In Utero is not quite the singles album that Nevermind managed to ultimately be. Only one song had a video attached to it (“Heart-Shaped Box”) while two tracks were squeezed together for a double A-side affair (“All Apologies” and “Rape Me”) and sadly a final single (“Pennyroyal Tea”) just didn’t make it out in time before Cobain killed himself. Of the quartet “Heart-Shaped Box” proves the most angular but remained faithful to the quiet loud quiet formula that was in a way their trademark.
“Rape Me” is not a good song. In some supermarkets in America the sleeve of In Utero was actually changed to rename this song “Waif Me” apparently but even away from such nanny state inclinations the language of the song is a bit silly in its self loathing. Sure the words sat comfortably against the bleak worldview of Cobain both before and after his death but as an individual grows over the years the passion and impact of this song just does not, indeed it actually becomes quite difficult to listen to and take seriously which is a shame as the song structure itself is another decent slab of the new Nirvana sound at the time. Were the supermarkets right to be so offended in the first place? Then there was the controversy with the song at the 1992 MTV Video Music Awards. Moving on.
Thankfully the album soon picks up steam with “Frances Farmer Will Have Her Revenge On Seattle”, a song quite similar sounding to “Serve The Servants” in its motion and delivery. Here it would appear that Cobain be comparing the treatment and apparent madness of his wife Courtney to that of hounded thirties/forties actress Frances Farmer. How little did he know. With a chorus of “I miss the comfort of being sad” this was seemingly a declaration of despising popularity in addition to being dismissive of being happy. It works on so many levels, whether intentional or not this was a person that appeared to know his audience.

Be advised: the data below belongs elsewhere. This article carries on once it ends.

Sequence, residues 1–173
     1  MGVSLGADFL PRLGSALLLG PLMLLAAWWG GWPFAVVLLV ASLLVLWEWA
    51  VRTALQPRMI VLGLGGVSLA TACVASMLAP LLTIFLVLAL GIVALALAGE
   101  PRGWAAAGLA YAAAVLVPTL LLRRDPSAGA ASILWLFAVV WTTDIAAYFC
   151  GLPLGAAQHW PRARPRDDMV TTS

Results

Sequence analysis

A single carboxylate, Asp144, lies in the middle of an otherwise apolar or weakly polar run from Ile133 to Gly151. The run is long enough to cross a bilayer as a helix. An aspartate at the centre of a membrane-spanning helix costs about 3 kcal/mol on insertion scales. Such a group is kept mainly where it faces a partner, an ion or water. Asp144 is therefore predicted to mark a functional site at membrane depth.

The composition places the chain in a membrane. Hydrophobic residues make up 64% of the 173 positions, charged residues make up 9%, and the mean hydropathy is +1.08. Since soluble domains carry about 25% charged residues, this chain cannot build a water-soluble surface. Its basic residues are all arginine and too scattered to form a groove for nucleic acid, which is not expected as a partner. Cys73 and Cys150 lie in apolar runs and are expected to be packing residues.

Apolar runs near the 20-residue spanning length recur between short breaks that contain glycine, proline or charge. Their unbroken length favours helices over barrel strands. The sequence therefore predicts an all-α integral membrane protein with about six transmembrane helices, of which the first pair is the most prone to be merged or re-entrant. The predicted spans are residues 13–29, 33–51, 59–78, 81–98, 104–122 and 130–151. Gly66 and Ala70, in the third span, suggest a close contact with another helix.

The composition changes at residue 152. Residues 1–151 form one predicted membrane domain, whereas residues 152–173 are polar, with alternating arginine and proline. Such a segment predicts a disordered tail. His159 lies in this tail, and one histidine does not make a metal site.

As with the bookends “Polly” and “Something In The Way” on Nevermind here came “Dumb”. This song never really resonated with me, it was too light and soppy. I would happily quote “my heart is broke but I have some glue” when really I just still wanted to destroy. And then with that the first side comes to a close.
In the grand tradition of beginning side two with a blast (“Negative Creep” and “Territorial Pissings”) the breezy “Very Ape” plunders into proceedings with a guitar sound that first rattles and then begins to whine like a wind instrument as the momentum of the song cheerily builds to rousing declaration of “I’m very ape, I’m very nice”. With great lines such as “if you ever need anything please don’t, hesitate to ask someone else first” really sums up for me the slacker mentality and true inclinations of Generation X. I always wondered if “Very Ape” came from the comic book Eightball which had its own branding of Value Ape.
With this comes “Milk It” the second heaviest blast on the record and the possessor of the most menacing basslines that Novoselic would ever deliver in a Nirvana shirt. The eventual explosion of guitars is far from subtle as it cuts through proceedings and endangers species (“I own my own pet virus, I get to pet and name her”). The line “look on the bright side of suicide” would prove somewhat troubling six months later.